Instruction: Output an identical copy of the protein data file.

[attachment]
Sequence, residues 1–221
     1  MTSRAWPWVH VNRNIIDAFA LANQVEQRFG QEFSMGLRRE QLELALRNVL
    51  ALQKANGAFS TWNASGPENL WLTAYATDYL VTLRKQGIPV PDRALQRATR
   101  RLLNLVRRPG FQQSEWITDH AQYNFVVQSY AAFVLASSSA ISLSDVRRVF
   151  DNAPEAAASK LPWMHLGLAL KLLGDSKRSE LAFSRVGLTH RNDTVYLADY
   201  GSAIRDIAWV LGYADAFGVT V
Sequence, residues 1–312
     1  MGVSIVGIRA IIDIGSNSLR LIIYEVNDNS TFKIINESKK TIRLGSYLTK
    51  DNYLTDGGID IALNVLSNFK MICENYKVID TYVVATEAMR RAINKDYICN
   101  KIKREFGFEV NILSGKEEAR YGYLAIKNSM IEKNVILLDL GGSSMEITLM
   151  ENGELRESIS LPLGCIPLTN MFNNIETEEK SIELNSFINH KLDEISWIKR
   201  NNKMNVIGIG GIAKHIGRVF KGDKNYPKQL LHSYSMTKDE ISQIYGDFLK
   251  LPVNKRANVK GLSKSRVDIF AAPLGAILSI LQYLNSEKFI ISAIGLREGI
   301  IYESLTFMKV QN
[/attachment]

Sequence, residues 1–221
     1  MTSRAWPWVH VNRNIIDAFA LANQVEQRFG QEFSMGLRRE QLELALRNVL
    51  ALQKANGAFS TWNASGPENL WLTAYATDYL VTLRKQGIPV PDRALQRATR
   101  RLLNLVRRPG FQQSEWITDH AQYNFVVQSY AAFVLASSSA ISLSDVRRVF
   151  DNAPEAAASK LPWMHLGLAL KLLGDSKRSE LAFSRVGLTH RNDTVYLADY
   201  GSAIRDIAWV LGYADAFGVT V
Sequence, residues 1–312
     1  MGVSIVGIRA IIDIGSNSLR LIIYEVNDNS TFKIINESKK TIRLGSYLTK
    51  DNYLTDGGID IALNVLSNFK MICENYKVID TYVVATEAMR RAINKDYICN
   101  KIKREFGFEV NILSGKEEAR YGYLAIKNSM IEKNVILLDL GGSSMEITLM
   151  ENGELRESIS LPLGCIPLTN MFNNIETEEK SIELNSFINH KLDEISWIKR
   201  NNKMNVIGIG GIAKHIGRVF KGDKNYPKQL LHSYSMTKDE ISQIYGDFLK
   251  LPVNKRANVK GLSKSRVDIF AAPLGAILSI LQYLNSEKFI ISAIGLREGI
   301  IYESLTFMKV QN